W. Brueggemann, The Bible and Postmodern Imagination. Texts Under Negotiation (London: SCM, 1993) 811. 23 The Bible and Postmodern Imagination, 9. 24 Cf. J.D. Levenson, The Hebrew Bible, the Old Testament and Historical Criticism (Louisville: Westminster /John Knox, 1993) 109-110: `the very value-neutrality of [historical criticism] puts its practitioners at a loss to defend the value of the enterprise itself. In a culture saturated with religious belief involving the Bible, this weakness was less apparent, for the defence was less called for. Now, however, after secularism has impugned the worth of the Bible, and multiculturalism has begun to critique the cultural traditions at the base of which it stands, biblical scholars, including, I must stress, even the most antireligious among them, must face this paradoxical reality: the vitality of their rather untraditional discipline has historically depended upon the vitality of traditional religious communities, Jewish and Christian... When fundamentalists become liberals... the need for an affirmation that goes beyond mere historical description does not evaporate.'


Craig Bartholomew, "Reading the Old Testament in Postmodern Times," Tyndale Bulletin 49.1 ((May 1998): 91-114.


Brueggemann has long insisted on the role of imagination in biblical interpretation.25 However, only recently in The Bible [p.100] and Postmodern Imagination has he outlined in more detail his understanding of imagination and related imagination to the postmodern situation. This is not to suggest that Postmodern Imagination signals a radical shift in Brueggemann's thinking; rather he uses postmodern theorising to validate and develop his previous work on imagination and Old Testament theology. Brueggemann emphasises the change in our epistemological context signified by the postmodern turn. According to him, we are in `a wholly new interpretative situation'.26 `What is now required and permitted is a mode of scripture interpretation quite unlike most of what we have practised heretofore.'27 The metanarrative of modernity is a construct which is no longer credible or relevant. Historical criticism has been shaped by this construct and shares in its crisis:

It is my judgement that church interpretation (especially where historical criticism has been taken with excessive seriousness) has tended to trim and domesticate the text not only to accommodate regnant modes of knowledge, but also to enhance regnant modes of power.28

Historical criticism is built on an epistemology which privileges neutral rationality and this is no longer acceptable. Brueggemann proposes an epistemology which privileges imagination, which he defines as `that operation of receiving, processing, and ordering that transpires when my mind wonders in listening to a text, a reading, in praying, or in any other time.'29 For Brueggemann imagination refers to:

the human capacity to picture, portray, receive, and practice the world in ways other than it appears to be at first glance when seen through a dominant, habitual, unexamined lens. More succinctly, imagination as the quintessential human act is a valid way of knowing. Imagination as a human act does not yield the kind of certitude required by Cartesian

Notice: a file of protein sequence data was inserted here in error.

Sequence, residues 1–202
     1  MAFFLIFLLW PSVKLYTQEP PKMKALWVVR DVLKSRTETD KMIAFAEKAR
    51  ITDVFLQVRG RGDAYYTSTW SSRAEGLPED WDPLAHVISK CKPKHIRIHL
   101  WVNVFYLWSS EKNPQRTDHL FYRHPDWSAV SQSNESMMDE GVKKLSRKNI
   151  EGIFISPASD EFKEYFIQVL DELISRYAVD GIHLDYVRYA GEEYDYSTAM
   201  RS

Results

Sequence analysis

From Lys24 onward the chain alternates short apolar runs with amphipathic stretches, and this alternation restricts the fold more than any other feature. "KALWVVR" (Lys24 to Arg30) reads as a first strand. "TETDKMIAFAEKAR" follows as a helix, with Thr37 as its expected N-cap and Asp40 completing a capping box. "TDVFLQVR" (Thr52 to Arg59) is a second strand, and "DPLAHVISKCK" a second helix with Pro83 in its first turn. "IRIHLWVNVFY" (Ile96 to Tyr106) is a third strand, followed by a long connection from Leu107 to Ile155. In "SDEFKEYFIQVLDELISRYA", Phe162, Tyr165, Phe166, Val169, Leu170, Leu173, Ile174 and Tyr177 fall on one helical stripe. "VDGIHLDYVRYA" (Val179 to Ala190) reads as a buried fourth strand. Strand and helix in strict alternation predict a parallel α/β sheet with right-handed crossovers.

anxiety, but it does yield a possible `home' when we accept a participating role as `homemaker'.30

See for example his The Prophetic Imagination (Philadelphia: Fortress, 1978); see also L.G. Perdue, The Collapse of History. Reconstructing Old Testament Theology (Minneapolis: Fortress, 1994) 285-98 for a description of Brueggemann's work prior to The Bible and Postmodern Imagination. 26 Brueggemann, The Bible and Postmodern Imagination, vii. 27 The Bible and Postmodern Imagination, 64. 28 The Bible and Postmodern Imagination, vii. 29 The Bible and Postmodern Imagination, 62. 30 The Bible and Postmodern Imagination, 13.


Craig Bartholomew, "Reading the Old Testament in Postmodern Times," Tyndale Bulletin 49.1 ((May 1998): 91-114.

We thus need a mode of reading the Bible which funds postmodern imagination. This does not involve constructing a full new metanarrative but interpreting the Old Testament in such a way as to provide the pieces out of which a new world can be imagined. Brueggemann sees the main context for this as the church community and envisions `a place where people come to receive new materials, or old materials freshly voiced, that will fund, feed, nurture, nourish, legitimate, and authorize a counter imagination of the world.'31 The Christian community is privileged as the context of interpretation. Brueggemann stresses that in our postmodern context all worldviews are under negotiation so that

Reality... is no longer a fixed arrangement inhospitable to theological categories, but is an ongoing, creative, constitutive task in which imagination of a quite specific kind has a crucial role to play. The core of our new awareness is that the world we have taken for granted... is an imaginative construal. And if it is a construal, then from any other perspective, the world can yet be construed differently. It is the claim of our faith, and the warrant of our ministry, to insist that our peculiar memory in faith provides the materials out of which an alternatively construed world can be properly imagined.32